With news of the R.A. Dickey trade coming to fruition, the New York Mets organization will reportedly acquire the best catching prospect in baseball (narrowly edging Seattle’s Mike Zunino). Prior to the 2012 season, I ranked d’Arnaud as the 37th best prospect in baseball on FanGraphs’ Top 100 Prospects list — behind fellow catchers Jesus Montero (13th overall, and term used loosely) and Devin Mesoraco (17th), and just ahead of Yasmani Grandal (40th). All three of those catchers graduated to the majors in 2012; d’Arnaud definitely will be moving up on the Top 100 list that will be coming out this March, even after missing most of the second half of the season thanks to a torn posterior cruciate ligament in his knee.
The California native was also the top prospect in Toronto’s system when I released the Jays Top 15 Prospects list about a month ago. He has the potential to develop a plus bat (for a catcher) with average power. Defensively, he should be at least average and has a solid chance of becoming above average behind the dish. In other words, he should be a big upgrade over incumbent Josh Thole, who is coming off of a tough year and was reportedly flipped to Toronto in the deal. I did note, though, that when I’ve seen d’Arnaud play he’s looked like a “low energy” guy, or perhaps reserved is a better word. Despite that, all reports suggest he’s a good leader.
d’Arnaud immediately becomes the best hitting prospect in New York’s system and will challenge Zack Wheeler for the best overall prospect when I start breaking down the Mets’ Top 15 Prospects list early in the new year. With the trade of Thole, the catching prospect could open 2013 in the majors as the club’s starting backstop, although it probably wouldn’t hurt for him to receive a few extra months of seasoning back in triple-A, considering the missed time in 2012.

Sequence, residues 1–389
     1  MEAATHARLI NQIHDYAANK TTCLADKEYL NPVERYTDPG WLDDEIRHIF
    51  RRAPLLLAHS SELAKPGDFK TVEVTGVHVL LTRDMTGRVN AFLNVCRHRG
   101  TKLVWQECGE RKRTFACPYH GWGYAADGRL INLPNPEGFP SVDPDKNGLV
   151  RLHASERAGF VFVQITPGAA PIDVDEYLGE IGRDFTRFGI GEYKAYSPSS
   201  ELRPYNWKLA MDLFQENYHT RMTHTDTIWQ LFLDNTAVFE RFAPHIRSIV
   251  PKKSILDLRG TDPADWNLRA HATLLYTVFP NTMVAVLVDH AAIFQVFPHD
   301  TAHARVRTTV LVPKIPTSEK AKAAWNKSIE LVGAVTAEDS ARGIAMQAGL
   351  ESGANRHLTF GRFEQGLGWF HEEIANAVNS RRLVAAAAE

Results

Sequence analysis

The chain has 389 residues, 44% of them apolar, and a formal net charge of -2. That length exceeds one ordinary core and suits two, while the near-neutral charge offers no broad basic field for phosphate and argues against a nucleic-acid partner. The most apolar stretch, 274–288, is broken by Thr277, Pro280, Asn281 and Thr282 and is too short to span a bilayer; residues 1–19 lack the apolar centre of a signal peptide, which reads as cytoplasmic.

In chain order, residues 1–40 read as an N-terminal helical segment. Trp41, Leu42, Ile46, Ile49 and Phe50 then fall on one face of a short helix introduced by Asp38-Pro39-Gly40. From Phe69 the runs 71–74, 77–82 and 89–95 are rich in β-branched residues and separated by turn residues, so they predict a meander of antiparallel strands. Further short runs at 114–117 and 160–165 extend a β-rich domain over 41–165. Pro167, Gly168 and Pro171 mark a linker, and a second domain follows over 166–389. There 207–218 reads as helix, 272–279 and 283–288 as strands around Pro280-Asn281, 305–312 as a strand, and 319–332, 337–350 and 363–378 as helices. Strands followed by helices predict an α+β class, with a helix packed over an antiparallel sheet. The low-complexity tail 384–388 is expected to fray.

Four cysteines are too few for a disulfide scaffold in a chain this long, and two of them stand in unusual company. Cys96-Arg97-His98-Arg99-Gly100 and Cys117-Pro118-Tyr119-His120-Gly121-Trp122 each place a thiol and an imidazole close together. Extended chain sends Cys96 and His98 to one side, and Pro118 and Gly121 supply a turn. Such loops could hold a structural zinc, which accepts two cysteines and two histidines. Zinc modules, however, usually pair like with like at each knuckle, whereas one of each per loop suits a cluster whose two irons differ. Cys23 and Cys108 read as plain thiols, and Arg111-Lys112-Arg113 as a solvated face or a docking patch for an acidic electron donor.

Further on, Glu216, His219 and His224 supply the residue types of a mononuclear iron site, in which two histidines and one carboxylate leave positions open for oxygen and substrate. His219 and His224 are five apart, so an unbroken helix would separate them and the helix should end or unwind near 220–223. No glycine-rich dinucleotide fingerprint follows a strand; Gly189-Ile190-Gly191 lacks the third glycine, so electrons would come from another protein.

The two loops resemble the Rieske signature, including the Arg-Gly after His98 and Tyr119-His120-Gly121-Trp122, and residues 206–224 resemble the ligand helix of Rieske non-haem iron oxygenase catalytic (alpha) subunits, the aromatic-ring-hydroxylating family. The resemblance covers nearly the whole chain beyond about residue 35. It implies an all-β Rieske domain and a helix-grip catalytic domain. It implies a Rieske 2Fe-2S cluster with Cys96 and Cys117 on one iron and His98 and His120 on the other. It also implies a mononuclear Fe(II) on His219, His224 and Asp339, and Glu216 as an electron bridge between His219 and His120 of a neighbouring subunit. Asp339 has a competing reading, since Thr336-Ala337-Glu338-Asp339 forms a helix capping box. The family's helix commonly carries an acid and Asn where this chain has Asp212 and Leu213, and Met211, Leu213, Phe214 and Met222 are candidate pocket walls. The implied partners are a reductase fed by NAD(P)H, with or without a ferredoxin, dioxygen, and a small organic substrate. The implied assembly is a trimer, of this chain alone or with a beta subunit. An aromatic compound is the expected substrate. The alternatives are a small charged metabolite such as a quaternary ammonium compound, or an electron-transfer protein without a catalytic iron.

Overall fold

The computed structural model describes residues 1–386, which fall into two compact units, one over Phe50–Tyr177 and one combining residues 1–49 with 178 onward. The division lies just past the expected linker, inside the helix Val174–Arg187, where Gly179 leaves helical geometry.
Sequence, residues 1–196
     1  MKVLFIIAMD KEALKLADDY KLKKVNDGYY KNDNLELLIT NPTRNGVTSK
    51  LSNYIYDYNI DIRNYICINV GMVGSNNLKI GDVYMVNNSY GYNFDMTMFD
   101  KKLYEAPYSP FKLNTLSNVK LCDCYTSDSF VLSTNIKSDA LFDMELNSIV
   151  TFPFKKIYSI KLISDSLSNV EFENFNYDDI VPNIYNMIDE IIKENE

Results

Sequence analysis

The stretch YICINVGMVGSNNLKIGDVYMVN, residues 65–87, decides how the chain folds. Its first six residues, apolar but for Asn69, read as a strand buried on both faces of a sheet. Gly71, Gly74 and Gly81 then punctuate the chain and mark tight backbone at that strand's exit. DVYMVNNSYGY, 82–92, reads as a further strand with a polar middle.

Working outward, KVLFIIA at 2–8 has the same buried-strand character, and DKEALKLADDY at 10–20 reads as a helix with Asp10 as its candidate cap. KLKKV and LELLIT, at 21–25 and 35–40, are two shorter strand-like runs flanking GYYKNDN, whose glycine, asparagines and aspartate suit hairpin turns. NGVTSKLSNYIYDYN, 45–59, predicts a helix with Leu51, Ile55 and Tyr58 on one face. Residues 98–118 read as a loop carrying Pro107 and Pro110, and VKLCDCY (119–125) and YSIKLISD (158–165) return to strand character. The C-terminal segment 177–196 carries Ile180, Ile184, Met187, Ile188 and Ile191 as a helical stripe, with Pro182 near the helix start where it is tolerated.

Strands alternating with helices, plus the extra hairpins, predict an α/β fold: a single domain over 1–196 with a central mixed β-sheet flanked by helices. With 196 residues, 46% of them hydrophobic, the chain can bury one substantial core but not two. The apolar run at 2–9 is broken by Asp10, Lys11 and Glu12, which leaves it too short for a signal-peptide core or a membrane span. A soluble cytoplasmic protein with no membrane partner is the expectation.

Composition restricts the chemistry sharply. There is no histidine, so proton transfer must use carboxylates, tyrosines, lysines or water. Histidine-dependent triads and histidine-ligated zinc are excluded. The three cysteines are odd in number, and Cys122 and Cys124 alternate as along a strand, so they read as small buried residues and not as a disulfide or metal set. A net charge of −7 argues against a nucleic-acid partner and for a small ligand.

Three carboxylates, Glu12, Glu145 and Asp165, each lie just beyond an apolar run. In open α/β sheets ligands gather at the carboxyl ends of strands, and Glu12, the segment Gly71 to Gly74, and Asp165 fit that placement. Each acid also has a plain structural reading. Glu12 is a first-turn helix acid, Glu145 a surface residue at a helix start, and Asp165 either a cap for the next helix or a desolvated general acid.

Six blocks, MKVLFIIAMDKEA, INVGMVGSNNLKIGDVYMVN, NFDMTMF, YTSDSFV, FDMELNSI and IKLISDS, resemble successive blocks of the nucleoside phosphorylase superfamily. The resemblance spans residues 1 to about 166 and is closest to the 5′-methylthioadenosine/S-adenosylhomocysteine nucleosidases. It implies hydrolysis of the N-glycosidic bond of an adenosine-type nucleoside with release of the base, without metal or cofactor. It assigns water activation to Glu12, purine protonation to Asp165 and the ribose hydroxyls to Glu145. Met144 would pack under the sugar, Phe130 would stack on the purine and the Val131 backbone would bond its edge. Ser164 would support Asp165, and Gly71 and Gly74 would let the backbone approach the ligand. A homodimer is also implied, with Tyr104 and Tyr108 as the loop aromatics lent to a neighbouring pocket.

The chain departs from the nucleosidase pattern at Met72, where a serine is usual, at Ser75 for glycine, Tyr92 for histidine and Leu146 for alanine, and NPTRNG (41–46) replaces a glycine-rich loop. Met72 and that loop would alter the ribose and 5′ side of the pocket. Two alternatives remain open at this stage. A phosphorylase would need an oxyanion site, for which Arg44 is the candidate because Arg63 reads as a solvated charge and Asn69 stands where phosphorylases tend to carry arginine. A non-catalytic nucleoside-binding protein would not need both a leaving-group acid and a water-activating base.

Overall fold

Although Jays fans will no doubt be saddened by the lose of the d’Arnaud, the organization is dealing from a position of strength and still has two catchers remaining on the Top 15 list in A.J. Jimenez (8th overall) and Santiago Nessy (10th). Jimenez is a defensive whiz with a fringe-average bat (for a catcher) who underwent Tommy John surgery on his throwing elbow but should be ready to play in April or May. He could be assigned to either double-A (a return engagement) or triple-A at that time. Nessy is a young, big-dollar-signee with big-time power out of the Dominican Republic and will play in full-season ball for the first time in 2013. He’s a ways away from helping out the big league club but also flashes solid defense.
In an effort to strengthen the depth in the bullpen, Toronto traded utility player and third-string catcher Yan Gomes to Cleveland earlier in the off-season for Esmil Rogers so the catching depth in the upper levels of the system takes a bit of a hit and would be somewhat worrisome should an injury occur to either J.P. Arencibia or Thole . The club claimed on waivers two catchers with big league experience this off-season in Bobby Wilson and Eli Whiteside but both were subsequently claimed when Toronto attempted to slip them back through waivers to free up some space on the 40-man roster.
The trade of d’Arnaud did not shock me. When I spoke to a club official about him earlier in the off-season, I got the feeling he was viewed as expendable… for the right price. Toronto’s starting catcher of the present and foreseeable future, Arencibia, is not a great offensive player but he shows above-average power (when bat meets ball). I’ve been told that the organization values him for his clubhouse presence, dedication to his craft and rapport with the pitching staff.
This deal has a very good shot at being good for both organizations as it positions Toronto very well to make a run at the American League East title or one of the wild card slots. It allows the Mets to continue building for the future and gives the organization an offensive player to go with some of its impressive young arms.